In Example 3.2.7, we looked at a basis for \(\real^4\) that we called the Haar wavelet basis. The basis vectors are

\begin{equation*} \vvec_1=\fourvec{1}{1}{1}{1}, \vvec_2=\fourvec{1}{1}{-1}{-1}, \vvec_3=\fourvec{1}{-1}{0}{0}, \vvec_4=\fourvec{0}{0}{1}{-1} \text{,} \end{equation*}

which may be understood graphically as in Figure 11. We will denote this basis by \(\wcal\text{.}\)

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Figure3.3.11The Haar wavelet basis represented graphically.

The change of coordinates from a vector \(\xvec\) in \(\real^4\) to \(\coords{\xvec}{\wcal}\) is called the Haar wavelet transform and we write

\begin{equation*} \coords{\xvec}{\wcal} = \fourvec{H_1}{H_2}{H_3}{H_4} \text{.} \end{equation*}

The coefficients \(H_1,H_2,H_3,H_4\) are called wavelet coefficients.

Let's work with the \(4\times4\) block of luminance values in the upper left corner of our larger \(8\times8\) block:

\begin{equation*} \left[\begin{array}{rrrr} 176 \amp 170 \amp 170 \amp 169 \\ 181 \amp 179 \amp 175 \amp 167 \\ 165 \amp 170 \amp 169 \amp 161 \\ 139 \amp 150 \amp 164 \amp 166 \end{array}\right] \text{.} \end{equation*}

  1. The following Sage cell defines the matrix W whose columns are the basis vectors in \(\wcal\text{.}\) If \(\xvec\) is the first column of luminance values in the \(4\times4\) block above, find the wavelet coefficients \(\coords{\xvec}{\wcal}\text{.}\)

  2. Notice that \(H_1\) gives the average value of the components of \(\xvec\) and \(H_2\) describes how the averages of the first two and last two components differ from the overall average. The coefficients \(H_3\) and \(H_4\) describe small-scale variations between the first two components and last two components, respectively.

    If we set the last wavelet coefficients \(H_3=0\) and \(H_4=0\text{,}\) we obtain the wavelet coefficients \(\coords{\yvec}{\wcal}\) for a vector \(\yvec\) that approximates \(\xvec\text{.}\) Find the vector \(\yvec\) and compare it to the original vector \(\xvec\text{.}\)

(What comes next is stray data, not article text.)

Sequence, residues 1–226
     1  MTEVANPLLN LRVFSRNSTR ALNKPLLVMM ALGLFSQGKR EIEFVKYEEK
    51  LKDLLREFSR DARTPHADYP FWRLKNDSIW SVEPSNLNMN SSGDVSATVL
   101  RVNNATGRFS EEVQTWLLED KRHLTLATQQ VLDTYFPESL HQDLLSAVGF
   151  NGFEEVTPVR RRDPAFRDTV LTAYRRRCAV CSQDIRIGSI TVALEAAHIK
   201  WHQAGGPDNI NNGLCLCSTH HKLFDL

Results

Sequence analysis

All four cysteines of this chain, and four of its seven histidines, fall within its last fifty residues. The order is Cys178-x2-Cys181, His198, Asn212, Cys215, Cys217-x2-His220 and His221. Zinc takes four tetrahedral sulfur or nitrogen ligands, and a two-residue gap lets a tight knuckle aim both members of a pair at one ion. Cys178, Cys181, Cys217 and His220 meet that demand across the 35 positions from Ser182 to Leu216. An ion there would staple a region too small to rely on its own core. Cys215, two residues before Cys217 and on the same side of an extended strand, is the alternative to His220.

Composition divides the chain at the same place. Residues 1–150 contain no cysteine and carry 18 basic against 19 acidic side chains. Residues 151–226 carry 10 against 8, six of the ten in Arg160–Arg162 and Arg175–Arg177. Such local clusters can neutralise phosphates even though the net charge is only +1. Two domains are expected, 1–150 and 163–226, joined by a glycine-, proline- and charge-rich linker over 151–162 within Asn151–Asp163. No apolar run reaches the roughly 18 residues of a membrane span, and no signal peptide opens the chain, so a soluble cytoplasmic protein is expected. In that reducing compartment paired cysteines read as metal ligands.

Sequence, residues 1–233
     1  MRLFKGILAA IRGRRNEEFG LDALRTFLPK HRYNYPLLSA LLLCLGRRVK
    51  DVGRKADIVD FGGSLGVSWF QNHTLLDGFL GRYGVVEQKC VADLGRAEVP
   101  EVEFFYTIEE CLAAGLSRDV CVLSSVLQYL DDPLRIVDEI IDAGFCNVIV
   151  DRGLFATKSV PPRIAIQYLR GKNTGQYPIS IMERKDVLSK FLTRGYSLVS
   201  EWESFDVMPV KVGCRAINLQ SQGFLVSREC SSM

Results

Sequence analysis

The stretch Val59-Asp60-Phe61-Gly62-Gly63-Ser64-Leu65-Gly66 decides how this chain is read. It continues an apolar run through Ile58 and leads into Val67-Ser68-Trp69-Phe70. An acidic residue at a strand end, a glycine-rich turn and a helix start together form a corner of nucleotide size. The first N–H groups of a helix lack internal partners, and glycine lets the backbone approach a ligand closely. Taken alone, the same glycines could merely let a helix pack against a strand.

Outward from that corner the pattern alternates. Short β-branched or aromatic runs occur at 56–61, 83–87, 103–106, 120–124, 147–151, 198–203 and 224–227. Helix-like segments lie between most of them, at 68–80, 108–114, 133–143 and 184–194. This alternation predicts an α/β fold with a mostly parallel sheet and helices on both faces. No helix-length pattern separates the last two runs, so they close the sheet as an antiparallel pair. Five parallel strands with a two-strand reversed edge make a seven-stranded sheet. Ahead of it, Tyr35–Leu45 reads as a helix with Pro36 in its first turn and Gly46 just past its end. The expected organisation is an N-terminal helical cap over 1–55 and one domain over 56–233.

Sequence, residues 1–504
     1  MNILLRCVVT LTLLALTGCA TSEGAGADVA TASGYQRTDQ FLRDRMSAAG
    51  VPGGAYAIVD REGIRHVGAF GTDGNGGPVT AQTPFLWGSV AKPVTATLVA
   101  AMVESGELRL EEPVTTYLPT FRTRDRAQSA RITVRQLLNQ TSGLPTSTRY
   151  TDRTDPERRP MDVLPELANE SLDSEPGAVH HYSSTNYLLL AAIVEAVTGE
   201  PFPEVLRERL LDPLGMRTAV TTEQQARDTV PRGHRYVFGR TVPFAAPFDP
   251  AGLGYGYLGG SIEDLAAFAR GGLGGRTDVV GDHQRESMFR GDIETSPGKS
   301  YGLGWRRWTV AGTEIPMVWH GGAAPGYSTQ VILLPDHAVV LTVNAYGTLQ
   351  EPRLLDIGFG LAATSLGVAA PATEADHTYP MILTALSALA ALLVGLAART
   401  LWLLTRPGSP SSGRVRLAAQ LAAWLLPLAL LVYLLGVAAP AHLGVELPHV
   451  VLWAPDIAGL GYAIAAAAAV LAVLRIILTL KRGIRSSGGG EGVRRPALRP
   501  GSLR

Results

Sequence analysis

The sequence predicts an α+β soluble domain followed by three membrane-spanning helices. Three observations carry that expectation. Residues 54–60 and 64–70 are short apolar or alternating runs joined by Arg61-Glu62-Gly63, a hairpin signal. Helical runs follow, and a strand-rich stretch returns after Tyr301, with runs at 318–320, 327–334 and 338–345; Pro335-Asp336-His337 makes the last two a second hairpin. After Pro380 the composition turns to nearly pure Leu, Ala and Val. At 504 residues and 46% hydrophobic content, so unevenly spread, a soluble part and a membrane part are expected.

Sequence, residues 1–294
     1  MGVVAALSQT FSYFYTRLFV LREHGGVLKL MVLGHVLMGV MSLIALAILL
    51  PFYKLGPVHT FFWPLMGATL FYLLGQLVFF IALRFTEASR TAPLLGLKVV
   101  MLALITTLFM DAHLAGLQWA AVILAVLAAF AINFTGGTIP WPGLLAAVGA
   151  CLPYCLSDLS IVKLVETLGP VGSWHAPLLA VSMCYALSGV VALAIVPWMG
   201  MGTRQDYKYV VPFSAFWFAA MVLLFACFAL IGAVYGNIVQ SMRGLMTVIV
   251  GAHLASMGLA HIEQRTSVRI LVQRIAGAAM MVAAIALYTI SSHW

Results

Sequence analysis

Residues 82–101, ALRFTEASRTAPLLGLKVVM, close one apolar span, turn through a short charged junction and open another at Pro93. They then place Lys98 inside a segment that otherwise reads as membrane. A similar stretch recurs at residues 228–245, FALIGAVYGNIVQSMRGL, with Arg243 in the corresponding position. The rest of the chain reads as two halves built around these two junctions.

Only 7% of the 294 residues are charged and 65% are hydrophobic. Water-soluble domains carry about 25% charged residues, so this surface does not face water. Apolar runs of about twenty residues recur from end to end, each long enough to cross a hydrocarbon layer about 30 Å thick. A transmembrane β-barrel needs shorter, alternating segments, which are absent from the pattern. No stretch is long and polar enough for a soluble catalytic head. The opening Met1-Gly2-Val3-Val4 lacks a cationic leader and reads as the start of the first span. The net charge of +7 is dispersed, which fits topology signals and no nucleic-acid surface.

3. What impact does the fact that \(H_3=0\) and \(H_4=0\) have on the form of the vector \(\yvec\text{?}\) Explain how setting these coefficients to zero ignores the behavior of \(\xvec\) on a small scale.

  4. In the JPEG compression algorithm, we looked at the Fourier coefficients of all the columns of luminance values and then performed a Fourier transform on the rows. The Sage cell below will perform the same operation using the wavelet transform; that is, it will first find the wavelet coefficients of each of the columns and then perform the wavelet transform on the rows. You only need to evaluate the cell to find the wavelet coefficients obtained in this way.

  5. Now set all the wavelet coefficients equal to zero except those in the upper left \(2\times2\) block and use them to define the matrix coeffs in the Sage cell below. This has the effect of ignoring all of the small-scale differences. Evaluating this cell will recover the approximate luminance values.

  6. Explain how the wavelet transform and this approximation can be used to create a lower resolution version of the image.

This kind of wavelet transform is the basis of the JPEG 2000 compression algorithm, which is an alternative to the usual JPEG algorithm.